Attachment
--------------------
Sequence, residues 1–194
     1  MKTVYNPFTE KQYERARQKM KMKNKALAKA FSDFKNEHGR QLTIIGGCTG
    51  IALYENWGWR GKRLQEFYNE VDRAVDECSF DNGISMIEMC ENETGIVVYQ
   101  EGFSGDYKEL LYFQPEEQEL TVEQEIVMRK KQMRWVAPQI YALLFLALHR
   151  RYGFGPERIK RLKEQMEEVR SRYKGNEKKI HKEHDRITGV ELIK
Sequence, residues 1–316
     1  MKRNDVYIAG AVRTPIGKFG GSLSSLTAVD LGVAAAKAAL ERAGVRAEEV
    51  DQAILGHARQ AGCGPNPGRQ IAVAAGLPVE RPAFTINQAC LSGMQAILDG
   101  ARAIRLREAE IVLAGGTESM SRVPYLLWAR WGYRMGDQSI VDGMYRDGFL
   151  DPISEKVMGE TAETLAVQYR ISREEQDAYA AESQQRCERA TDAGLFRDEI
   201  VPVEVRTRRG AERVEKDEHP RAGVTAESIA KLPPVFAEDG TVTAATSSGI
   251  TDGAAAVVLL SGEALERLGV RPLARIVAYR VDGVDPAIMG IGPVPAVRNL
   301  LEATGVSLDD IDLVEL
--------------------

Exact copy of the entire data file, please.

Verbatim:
Sequence, residues 1–194
     1  MKTVYNPFTE KQYERARQKM KMKNKALAKA FSDFKNEHGR QLTIIGGCTG
    51  IALYENWGWR GKRLQEFYNE VDRAVDECSF DNGISMIEMC ENETGIVVYQ
   101  EGFSGDYKEL LYFQPEEQEL TVEQEIVMRK KQMRWVAPQI YALLFLALHR
   151  RYGFGPERIK RLKEQMEEVR SRYKGNEKKI HKEHDRITGV ELIK
Sequence, residues 1–316
     1  MKRNDVYIAG AVRTPIGKFG GSLSSLTAVD LGVAAAKAAL ERAGVRAEEV
    51  DQAILGHARQ AGCGPNPGRQ IAVAAGLPVE RPAFTINQAC LSGMQAILDG
   101  ARAIRLREAE IVLAGGTESM SRVPYLLWAR WGYRMGDQSI VDGMYRDGFL
   151  DPISEKVMGE TAETLAVQYR ISREEQDAYA AESQQRCERA TDAGLFRDEI
   201  VPVEVRTRRG AERVEKDEHP RAGVTAESIA KLPPVFAEDG TVTAATSSGI
   251  TDGAAAVVLL SGEALERLGV RPLARIVAYR VDGVDPAIMG IGPVPAVRNL
   301  LEATGVSLDD IDLVEL